E-Operation problems consistent

Despite efforts by E-Operations, technical problems continue to plague AU's computer networks frustrating students and faculty alike.

"It is a rare week when nothing is down for a day or two or a substantial part of the day," Professor of Economics Robert Blecker said.

Network problems have increased as faculty and students become more dependent on my.american.edu and other AU web portals. This has resulted in a significant increase in bandwidth demand, Carl Whitman said, director of E-Operations.

"Inbound bandwidth is peaking at around 93 percent of our total capacity while other resources are also being constrained," he said.

Freshman Lauren Jacobs and many students said they have experienced, "the internet cutting off for several hours at a time and then only sporadically working after that."

Whitman said E-Operations does not intentionally cut off internet service to preserve bandwidth. But sophomore Debbie Royal said she does not understand exactly why there are suddenly more problems, and added that it's very inconvenient.

Internet disruptions have caused problems for students as many assignments are posted on Blackboard and sent through e-mail.

"I have missed important updates, missed deadlines, and have fallen behind in my work," freshman Kerry Chu said.

Some classes even administer tests online. Freshman Yuri Katata, who is enrolled in the Business 1.0 class, said "I haven't been able to do the online quizzes twice now? though she was able to retake the quizzes at a later date.

AU faculty have had problems as well.

Blecker said, "We are losing work-time as we are spending hours to do something that should only take a few minutes." He has also lost e-mails resulting in miscommunication between him and the sender.

"The slow and or not working internet is part of the AU experience," Jacobs said.

However, freshman Shannon Conlon said, "The school is doing all it can do and not intentionally neglecting anything to meet the growing technological challenges."

Furthermore, faculty and students alike commend E-Operations and all the AU technology staff for being very helpful.

"They are always responsive and write back quickly to address my problem," Blecker said.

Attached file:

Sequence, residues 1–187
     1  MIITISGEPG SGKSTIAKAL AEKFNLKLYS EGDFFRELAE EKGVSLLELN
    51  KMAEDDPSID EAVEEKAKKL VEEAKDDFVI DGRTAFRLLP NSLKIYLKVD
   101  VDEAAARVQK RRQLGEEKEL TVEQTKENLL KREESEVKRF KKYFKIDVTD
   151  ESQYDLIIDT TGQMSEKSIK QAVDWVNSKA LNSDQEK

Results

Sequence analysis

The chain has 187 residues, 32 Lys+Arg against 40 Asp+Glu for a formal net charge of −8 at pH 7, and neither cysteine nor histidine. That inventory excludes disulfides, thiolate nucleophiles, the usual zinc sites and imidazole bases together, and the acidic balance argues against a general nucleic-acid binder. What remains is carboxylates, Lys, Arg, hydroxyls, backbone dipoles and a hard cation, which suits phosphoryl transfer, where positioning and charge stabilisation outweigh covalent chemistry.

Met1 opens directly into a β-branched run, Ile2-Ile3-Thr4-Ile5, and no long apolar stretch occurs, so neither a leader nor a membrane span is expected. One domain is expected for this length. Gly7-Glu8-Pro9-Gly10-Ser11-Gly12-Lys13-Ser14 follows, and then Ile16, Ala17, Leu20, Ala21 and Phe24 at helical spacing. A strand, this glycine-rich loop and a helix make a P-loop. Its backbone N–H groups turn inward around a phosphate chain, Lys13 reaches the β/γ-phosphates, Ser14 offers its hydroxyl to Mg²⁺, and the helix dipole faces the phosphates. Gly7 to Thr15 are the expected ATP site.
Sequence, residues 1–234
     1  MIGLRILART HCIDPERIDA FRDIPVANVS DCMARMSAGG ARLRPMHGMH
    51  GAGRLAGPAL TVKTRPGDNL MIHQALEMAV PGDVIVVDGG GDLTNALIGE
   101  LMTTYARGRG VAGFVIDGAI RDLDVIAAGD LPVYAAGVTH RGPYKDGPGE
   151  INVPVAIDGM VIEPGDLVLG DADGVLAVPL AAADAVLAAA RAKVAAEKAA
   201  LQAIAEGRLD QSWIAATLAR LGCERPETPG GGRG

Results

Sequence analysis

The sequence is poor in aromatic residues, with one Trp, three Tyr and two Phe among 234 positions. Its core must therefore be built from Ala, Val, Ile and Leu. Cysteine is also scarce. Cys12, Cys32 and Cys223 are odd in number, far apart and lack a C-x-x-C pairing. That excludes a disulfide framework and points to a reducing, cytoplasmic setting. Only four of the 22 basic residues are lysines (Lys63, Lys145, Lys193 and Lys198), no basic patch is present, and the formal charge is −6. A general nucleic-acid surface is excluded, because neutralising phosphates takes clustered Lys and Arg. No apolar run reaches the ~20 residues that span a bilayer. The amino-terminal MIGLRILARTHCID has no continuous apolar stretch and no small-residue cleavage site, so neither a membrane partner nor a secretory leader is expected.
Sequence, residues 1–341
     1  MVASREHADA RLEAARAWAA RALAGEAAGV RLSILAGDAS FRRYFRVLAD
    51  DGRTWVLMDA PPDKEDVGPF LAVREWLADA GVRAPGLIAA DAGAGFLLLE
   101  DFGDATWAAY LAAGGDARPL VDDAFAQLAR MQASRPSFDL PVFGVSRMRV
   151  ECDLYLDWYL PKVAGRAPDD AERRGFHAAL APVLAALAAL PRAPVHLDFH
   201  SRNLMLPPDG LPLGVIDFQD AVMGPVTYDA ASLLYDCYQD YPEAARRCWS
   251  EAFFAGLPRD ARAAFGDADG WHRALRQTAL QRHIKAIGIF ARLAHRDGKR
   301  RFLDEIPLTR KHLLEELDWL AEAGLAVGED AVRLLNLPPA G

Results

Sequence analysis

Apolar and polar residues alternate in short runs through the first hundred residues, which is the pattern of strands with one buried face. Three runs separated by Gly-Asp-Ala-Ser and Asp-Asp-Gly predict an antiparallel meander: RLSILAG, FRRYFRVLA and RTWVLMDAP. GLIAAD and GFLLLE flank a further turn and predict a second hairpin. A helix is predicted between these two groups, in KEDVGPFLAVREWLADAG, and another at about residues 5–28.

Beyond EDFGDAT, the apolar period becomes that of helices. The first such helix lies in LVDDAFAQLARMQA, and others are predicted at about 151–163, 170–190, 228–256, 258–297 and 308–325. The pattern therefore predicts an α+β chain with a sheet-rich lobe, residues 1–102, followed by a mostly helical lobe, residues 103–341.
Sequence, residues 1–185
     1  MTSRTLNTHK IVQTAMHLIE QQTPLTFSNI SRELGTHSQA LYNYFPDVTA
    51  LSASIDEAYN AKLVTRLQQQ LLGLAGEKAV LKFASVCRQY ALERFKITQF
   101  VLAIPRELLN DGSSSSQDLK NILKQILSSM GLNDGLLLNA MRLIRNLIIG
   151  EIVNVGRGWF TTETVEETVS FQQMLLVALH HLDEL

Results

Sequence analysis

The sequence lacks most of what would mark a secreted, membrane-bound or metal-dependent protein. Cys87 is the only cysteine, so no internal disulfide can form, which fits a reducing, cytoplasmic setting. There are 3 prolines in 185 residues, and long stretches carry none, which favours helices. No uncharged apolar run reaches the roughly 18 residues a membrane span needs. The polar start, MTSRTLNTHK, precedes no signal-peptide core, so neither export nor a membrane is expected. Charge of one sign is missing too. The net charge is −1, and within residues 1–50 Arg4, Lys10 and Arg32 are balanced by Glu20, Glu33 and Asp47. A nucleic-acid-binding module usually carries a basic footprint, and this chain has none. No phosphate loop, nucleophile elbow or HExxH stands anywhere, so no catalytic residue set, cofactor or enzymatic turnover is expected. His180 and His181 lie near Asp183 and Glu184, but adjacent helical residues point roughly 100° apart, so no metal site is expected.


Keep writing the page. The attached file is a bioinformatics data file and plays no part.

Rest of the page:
Chu added," The help desk people are nice. I call them so much that they basically know me."

To address the growing concern over such problems, Whitman sent out an email last week to the AU community explaining what the school is doing to address the technological difficulties. He said, "Many different factors have combined to transform what might have been simple problems into much larger and more complicated ones than could have been anticipated, including worm and virus attacks, network instability, e-mail response time and spam e-mail, and equipment capacity limitations."

He also outlined the University's plan to fix each type of problem, promising that the school is "continually seeking ways to improve their operations and the services provided."

"AU has major computer problems, and it's going to take a long time to fix all of them," Jacobs said.

Royals also said despite such ongoing work, she feels real progress it not being made or made very slowly as "one day it will start improving but then suddenly, the network will be offline for the next night."

Whitman said it's impossible to set a definite timetable as to when all the technological changes will be implemented, as significant engineering changes must be made in the network to handle the heightened demand, but he expects all improvements to be fully in place by the spring semester.

In addition, his staff will launch a website in November that will have real-time graphs on what is happening on the network to keep everyone better informed about major technical problems as well as day-to-day issues. He also advised students and faculty to call the E-Operations status line at x3535 for recorded updates on any network problems.

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